“Well, don't worry," Tim says. "If war breaks out, you could come here...to the West Bank, near the Hebron area. Hamas won't be sending missiles here. They don't want to hit the Palestinians."
 
"Yes, but I could get kidnapped getting to you, that is if I managed to avoid getting caught in any riots in East Jerusalem. I think I'll stay here. I like a bomb shelter by the sea. And anyway, on Sunday I have friends Gigi and Ron coming up here from Ashkelon who are staying overnight. And I suppose if things really heat up and Ashkelon is pounded, maybe they could decide to stay longer.  (Although Ron says he hates Netanya since the traffic is so bad compared to Ashkelon, where  no doubt the traffic will be much lighter if war breaks out and everyone is in their bomb shelters.)

 

I remember that I told Ron that he could work on drinking the unopened bottle of vodka (Russian Standard) that I have in my apartment left over from my children’s B'nei Mitzvah two summers ago.

 

"Just to let you know that vodka is fine but I would prefer Chevis Regal (Blended Scotch Whisky)," Ron said.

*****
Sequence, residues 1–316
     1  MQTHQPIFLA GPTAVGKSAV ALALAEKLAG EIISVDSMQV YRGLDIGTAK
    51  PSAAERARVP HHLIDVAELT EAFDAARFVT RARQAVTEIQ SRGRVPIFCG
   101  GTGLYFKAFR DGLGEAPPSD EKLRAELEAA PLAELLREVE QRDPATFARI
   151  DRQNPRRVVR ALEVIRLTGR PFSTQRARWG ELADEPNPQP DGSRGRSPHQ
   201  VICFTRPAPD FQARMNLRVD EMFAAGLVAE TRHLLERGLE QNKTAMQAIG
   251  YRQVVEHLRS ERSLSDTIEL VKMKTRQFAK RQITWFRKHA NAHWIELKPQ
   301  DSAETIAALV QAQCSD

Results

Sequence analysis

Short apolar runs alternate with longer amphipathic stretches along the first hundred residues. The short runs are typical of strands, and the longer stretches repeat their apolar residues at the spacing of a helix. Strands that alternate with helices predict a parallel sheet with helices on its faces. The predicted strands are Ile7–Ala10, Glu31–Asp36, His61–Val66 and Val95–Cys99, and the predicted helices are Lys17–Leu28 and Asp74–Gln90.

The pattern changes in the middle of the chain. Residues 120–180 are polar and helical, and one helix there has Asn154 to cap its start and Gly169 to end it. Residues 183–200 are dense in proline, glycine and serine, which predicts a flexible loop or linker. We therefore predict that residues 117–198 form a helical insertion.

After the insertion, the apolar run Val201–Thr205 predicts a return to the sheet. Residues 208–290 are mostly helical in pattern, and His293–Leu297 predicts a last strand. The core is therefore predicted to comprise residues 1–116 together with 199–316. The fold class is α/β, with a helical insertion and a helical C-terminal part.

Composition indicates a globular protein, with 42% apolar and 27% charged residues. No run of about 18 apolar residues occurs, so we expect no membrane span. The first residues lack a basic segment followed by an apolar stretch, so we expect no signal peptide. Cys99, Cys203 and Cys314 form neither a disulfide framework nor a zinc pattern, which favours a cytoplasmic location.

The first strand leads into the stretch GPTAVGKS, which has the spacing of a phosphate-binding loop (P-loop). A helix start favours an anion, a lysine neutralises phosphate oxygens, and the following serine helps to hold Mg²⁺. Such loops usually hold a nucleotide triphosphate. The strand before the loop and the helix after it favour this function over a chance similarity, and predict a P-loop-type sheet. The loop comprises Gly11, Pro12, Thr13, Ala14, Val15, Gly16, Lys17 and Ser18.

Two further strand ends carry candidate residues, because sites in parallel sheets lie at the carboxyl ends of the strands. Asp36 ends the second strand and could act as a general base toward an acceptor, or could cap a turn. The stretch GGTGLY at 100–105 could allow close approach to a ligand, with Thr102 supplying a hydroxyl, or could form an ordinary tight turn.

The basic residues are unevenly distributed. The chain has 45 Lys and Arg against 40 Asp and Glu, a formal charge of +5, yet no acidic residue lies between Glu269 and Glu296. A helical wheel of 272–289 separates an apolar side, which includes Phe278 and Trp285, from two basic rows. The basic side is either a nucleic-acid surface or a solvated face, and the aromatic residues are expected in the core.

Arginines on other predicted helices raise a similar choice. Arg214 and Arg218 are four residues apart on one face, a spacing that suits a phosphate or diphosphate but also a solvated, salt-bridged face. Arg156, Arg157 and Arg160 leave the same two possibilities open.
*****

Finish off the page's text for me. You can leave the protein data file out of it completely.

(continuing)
"Yeah but you finished that off last summer. I only have a few drops of the Chevis Regal left. And I wasn't intending to buy another bottle until one of the kids get married. You'll have to make do with the vodka."

 

But then when I hung up the phone after speaking to Ron, it hit me that maybe I should go out and get another bottle of the Chivas Regal... just in case war breaks out. Chevis Regal is probably a good thing to have on hand in case of an impending war. If war breaks out, there's no point skimping, is there?

 
In between the phone calls   I made a mental note to check to see that my bomb shelter is actually open, since I really haven't paid much attention to it since the Israel-Hamas war in the summer of 2006 when I was in the country. Well, I checked and it turns out the shelter is locked. (It's on my to-do list to ask my neighbors where the key is to unlock it, if there is such a key.)

 

Then I speak to another journalist who suggests that since I'm here in Israel it might be a good idea to be a real war correspondent and  go down to Sderot and cover the rocket attacks there.